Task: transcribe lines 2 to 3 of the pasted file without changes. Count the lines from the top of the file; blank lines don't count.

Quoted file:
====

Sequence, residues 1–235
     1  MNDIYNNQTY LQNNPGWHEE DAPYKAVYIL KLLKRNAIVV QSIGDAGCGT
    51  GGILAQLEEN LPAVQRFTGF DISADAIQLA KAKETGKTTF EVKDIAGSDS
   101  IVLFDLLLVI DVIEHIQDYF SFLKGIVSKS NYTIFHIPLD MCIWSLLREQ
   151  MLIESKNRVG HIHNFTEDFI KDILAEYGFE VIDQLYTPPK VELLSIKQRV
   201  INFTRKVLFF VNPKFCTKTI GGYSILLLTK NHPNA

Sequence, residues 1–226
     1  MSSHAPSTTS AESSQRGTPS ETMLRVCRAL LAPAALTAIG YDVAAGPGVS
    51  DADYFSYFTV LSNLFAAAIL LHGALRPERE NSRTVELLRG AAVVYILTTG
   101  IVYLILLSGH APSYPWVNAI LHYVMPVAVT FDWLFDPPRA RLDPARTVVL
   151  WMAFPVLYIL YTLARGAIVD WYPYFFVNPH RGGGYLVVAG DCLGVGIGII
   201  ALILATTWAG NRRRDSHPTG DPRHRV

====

     1  MNDIYNNQTY LQNNPGWHEE DAPYKAVYIL KLLKRNAIVV QSIGDAGCGT
    51  GGILAQLEEN LPAVQRFTGF DISADAIQLA KAKETGKTTF EVKDIAGSDS